Video Games as Models of Complex Systems


By Xardox at en.wikipedia (Transferred from en.wikipedia) [GPL (http://www.gnu.org/licenses/gpl.html) or Public domain], via Wikimedia Commons
There’s another way to think about games. What if games’ role in representation and identity lies not in offering familiar characters for us to embody, but in helping wrest us from the temptation of personal identification entirely? What if the real fight against monocultural bias and blinkeredness does not involve the accelerated indulgence of identification, but the abdication of our own selfish, individual desires in the interest of participating in systems larger than ourselves? What if the thing games most have to show us is the higher-order domains to which we might belong, including families, neighborhoods, cities, nations, social systems, and even formal structures and patterns? What if replacing militarized male brutes with everyone’s favorite alternative identity just results in Balkanization rather than inclusion?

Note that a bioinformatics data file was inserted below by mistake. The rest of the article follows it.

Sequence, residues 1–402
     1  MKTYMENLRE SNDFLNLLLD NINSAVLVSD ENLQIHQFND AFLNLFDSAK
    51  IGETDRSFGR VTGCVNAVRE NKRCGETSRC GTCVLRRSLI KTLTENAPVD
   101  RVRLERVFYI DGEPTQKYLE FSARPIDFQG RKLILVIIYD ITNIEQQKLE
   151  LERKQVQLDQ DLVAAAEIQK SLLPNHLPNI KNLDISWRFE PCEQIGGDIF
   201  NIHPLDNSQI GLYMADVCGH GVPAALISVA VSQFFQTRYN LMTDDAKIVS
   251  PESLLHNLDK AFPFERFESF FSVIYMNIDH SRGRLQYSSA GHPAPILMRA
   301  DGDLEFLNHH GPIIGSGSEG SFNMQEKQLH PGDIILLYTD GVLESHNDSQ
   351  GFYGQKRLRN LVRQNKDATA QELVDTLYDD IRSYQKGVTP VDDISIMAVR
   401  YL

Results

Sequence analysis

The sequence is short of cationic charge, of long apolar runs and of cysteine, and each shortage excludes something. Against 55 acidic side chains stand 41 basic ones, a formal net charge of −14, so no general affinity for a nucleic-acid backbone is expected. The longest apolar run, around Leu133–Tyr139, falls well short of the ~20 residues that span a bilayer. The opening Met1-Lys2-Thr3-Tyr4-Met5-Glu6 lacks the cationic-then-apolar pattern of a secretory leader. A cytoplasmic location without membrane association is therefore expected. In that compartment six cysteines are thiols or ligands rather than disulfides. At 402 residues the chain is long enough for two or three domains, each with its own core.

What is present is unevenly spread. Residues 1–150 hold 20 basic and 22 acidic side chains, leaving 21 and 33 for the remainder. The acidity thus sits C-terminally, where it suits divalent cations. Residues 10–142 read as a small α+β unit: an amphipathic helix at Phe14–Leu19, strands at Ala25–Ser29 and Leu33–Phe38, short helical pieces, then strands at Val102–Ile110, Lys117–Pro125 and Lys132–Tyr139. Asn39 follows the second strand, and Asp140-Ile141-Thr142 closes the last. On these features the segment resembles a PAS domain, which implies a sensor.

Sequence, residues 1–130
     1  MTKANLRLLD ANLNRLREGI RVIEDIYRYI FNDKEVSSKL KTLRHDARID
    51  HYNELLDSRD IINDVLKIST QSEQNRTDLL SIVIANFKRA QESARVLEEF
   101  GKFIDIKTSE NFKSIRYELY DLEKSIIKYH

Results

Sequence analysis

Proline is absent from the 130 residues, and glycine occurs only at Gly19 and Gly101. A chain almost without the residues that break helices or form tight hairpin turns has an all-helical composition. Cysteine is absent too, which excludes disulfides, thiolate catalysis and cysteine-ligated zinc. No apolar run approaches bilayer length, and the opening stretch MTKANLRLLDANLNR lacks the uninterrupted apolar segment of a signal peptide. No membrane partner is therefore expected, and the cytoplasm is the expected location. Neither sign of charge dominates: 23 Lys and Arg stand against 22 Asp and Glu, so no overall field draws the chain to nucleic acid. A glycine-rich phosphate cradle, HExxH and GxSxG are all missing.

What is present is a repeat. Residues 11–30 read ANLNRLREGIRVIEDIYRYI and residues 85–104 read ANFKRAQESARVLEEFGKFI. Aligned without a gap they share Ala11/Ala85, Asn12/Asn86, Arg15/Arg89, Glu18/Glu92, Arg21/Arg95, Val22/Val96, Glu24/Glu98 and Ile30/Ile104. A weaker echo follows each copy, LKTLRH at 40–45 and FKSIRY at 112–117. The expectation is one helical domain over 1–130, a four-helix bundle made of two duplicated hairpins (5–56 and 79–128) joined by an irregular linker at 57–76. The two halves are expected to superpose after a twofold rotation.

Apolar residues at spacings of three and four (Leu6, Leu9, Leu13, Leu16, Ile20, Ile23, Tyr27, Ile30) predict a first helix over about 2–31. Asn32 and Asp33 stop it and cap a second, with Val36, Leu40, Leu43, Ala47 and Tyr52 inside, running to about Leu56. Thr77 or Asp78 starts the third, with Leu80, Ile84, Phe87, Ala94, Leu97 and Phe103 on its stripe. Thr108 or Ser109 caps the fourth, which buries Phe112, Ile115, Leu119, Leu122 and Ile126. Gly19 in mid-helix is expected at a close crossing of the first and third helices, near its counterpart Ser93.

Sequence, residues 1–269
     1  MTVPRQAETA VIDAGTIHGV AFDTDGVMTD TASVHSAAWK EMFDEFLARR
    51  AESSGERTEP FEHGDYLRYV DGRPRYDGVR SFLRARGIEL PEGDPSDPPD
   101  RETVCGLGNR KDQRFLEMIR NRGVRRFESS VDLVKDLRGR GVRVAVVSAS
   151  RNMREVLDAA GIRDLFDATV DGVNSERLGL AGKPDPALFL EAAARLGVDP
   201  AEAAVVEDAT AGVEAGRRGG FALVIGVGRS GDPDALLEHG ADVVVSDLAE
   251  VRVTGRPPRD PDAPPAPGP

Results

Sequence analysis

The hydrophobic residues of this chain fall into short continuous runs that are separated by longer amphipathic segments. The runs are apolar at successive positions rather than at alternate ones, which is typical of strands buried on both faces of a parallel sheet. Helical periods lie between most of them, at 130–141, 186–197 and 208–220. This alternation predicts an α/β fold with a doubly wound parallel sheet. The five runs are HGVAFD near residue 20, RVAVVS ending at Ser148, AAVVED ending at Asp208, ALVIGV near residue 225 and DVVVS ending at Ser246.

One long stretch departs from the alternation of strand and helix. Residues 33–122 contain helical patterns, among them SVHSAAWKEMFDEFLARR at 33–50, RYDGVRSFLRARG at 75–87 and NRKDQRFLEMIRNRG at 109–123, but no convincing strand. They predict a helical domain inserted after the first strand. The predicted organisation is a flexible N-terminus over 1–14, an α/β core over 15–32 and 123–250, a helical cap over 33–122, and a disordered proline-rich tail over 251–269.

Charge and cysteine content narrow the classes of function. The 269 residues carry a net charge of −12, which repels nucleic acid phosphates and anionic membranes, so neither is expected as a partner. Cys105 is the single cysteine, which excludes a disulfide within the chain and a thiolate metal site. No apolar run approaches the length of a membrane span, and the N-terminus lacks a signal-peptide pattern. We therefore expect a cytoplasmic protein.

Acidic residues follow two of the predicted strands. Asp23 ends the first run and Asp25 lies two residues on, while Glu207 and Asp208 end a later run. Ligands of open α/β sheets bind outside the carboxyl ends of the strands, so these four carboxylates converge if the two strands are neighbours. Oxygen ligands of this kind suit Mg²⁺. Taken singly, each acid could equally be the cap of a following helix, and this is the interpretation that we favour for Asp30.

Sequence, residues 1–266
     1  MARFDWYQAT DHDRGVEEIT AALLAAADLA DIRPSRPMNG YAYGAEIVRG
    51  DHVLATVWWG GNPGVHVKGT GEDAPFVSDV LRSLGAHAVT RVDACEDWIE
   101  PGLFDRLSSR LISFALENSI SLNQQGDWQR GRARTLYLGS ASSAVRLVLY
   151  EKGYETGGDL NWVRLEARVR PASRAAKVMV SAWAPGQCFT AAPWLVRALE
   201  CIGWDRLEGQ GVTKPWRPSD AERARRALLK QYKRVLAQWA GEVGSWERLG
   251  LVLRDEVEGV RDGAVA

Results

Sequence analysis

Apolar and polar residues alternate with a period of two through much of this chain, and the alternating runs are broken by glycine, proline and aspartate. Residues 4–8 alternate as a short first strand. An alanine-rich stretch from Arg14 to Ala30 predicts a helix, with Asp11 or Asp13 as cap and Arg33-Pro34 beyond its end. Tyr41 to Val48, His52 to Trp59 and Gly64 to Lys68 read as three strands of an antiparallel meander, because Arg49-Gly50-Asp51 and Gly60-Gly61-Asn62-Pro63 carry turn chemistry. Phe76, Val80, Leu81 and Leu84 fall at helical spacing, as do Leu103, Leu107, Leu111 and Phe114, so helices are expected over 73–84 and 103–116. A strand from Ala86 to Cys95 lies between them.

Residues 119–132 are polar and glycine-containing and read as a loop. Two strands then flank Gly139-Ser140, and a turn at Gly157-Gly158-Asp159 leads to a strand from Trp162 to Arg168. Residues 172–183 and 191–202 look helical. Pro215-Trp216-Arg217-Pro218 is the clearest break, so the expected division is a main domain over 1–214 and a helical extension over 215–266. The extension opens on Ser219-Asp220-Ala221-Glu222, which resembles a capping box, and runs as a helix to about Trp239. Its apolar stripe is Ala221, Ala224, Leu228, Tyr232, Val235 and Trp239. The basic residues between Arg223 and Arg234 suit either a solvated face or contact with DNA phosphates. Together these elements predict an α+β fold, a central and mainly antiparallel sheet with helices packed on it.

–“Video Games Are Better Without Characters” by Ian Bogost on The Atlantic

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